Wildlife Photography

GB_Willys_2014

Well-known member
You might have actually come across the very rare Mojave Rattlesnake. See picture below of a young one, similar lighter color (compared to the diamondback). These Mojaves are considered even more poisonous than most other Arizona rattlers (I was an amateur herp when younger, actually caught one of these guys and donated it to the Arizona Sonora Desert Museum).

So, that would be quite a find by you! You seem to be uniquely lucky to be spotting these rare reptiles (the G Monster too). Wow!

Mojave Rattlesnake
Though typically smaller than the Western Diamondback, the similar-looking Mojave (sometimes spelled Mohave) Rattlesnake (Crotalus scutulatus) is renowned for its uniquely toxic venom. Most North American pit vipers have venom consisting of toxins that effect the blood (hemotoxins), but the Mojave’s venom has predominately neurotoxic components, which effect the nervous system similar to Coral snakes, Cobras and Kraits. Drop for drop, the Mojave is considered to be the most venomous pit viper in the U.S. and (in my experience) it generally has an attitude to match.”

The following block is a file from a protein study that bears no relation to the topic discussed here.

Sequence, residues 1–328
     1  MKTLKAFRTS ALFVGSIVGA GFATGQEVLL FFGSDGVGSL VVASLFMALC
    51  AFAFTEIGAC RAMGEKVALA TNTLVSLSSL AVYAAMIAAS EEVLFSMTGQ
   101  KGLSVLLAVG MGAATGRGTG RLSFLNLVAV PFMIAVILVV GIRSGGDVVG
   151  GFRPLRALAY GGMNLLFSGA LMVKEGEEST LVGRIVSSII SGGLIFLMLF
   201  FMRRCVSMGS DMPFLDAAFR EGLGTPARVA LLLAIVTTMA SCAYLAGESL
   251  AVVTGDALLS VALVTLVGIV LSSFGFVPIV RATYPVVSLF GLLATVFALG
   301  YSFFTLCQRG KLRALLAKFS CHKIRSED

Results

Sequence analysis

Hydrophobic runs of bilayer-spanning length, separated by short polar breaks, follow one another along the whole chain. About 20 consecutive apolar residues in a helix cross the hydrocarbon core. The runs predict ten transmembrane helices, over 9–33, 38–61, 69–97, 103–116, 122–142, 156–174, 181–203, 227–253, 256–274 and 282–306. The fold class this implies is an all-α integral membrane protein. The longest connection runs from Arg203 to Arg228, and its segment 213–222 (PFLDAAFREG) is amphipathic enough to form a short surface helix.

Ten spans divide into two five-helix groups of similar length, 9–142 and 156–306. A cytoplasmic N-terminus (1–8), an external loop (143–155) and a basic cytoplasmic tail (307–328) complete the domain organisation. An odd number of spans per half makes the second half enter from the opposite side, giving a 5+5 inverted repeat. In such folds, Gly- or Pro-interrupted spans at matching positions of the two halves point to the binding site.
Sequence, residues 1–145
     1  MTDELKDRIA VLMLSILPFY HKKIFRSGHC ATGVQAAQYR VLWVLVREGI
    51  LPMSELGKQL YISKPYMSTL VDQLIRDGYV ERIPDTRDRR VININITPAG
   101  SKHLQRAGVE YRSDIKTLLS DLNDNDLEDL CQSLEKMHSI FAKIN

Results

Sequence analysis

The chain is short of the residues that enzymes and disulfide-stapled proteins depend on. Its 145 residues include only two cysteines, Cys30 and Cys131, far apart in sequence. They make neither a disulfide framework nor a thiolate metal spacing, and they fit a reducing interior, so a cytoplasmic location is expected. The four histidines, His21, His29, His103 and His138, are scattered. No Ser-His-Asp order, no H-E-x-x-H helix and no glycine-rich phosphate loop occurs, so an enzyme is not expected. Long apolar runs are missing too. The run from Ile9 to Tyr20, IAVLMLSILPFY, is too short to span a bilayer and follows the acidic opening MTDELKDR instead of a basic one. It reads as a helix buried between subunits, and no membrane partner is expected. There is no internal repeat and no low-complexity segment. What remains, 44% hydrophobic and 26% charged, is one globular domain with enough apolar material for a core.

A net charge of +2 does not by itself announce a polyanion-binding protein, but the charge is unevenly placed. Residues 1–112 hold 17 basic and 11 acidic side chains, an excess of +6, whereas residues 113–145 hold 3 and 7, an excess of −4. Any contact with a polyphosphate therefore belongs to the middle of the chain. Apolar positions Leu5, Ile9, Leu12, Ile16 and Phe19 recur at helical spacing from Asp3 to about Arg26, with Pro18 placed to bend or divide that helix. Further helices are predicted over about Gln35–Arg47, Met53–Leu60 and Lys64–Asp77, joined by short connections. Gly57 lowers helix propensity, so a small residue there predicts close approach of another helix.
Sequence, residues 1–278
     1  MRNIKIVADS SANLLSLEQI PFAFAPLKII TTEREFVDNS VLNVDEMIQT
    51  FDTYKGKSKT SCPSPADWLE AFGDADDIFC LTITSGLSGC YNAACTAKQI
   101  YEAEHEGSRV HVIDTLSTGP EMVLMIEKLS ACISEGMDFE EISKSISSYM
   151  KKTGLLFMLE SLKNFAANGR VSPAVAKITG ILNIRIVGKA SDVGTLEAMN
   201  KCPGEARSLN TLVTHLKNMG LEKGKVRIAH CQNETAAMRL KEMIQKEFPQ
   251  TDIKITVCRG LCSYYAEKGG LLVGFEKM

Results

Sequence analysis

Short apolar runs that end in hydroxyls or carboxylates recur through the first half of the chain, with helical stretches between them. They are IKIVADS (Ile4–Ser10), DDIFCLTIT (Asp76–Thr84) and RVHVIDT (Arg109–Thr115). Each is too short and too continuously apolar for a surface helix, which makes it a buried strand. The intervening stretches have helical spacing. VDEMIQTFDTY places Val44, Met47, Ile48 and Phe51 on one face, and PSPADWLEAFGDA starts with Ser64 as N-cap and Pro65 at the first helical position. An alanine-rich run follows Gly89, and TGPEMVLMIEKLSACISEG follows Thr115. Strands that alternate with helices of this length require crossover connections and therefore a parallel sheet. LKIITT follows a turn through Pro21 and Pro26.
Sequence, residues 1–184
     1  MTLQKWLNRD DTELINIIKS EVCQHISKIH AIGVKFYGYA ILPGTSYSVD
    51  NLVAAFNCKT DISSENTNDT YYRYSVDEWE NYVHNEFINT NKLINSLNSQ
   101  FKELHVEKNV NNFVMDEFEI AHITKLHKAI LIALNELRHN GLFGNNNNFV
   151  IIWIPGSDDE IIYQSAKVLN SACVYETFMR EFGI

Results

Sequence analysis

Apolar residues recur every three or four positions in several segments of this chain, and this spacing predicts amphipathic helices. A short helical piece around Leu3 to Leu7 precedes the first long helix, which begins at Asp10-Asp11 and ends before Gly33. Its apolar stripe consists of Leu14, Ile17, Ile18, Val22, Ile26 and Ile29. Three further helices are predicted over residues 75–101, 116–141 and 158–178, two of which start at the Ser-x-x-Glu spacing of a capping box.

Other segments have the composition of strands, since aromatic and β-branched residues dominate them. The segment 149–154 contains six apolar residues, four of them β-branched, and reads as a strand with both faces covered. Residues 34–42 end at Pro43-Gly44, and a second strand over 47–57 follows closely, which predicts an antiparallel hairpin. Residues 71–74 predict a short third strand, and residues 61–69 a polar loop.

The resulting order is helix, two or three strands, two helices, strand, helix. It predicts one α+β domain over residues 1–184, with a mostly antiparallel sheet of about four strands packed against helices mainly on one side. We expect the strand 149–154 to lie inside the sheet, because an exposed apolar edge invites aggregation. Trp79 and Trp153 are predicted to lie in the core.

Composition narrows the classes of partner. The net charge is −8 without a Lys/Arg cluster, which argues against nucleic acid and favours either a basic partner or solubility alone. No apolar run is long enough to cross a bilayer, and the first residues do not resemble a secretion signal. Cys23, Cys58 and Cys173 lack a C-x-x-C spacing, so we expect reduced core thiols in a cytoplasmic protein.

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Fascinating stuff. I had no idea. Thanks!

BTW, the snake was very calm. I assume it was just too cold for him.

These are examples of dumb luck in my case. :)

BTW, the Arizona Sonora Desert Museum is one of my favorite places!
 

GB_Willys_2014

Well-known member
Sigh. Saw another, possibly same, rattlesnake about .5 mile from the other sighting.

Didn't take a picture of this one cause some futnuck decided to remove its head and rattle.

I get killing snakes in a backyard or garage, but not in the wild; it's their home after all.

***

Found this picture from last year:

IMG_20181117_114755331_HDR.jpg
 
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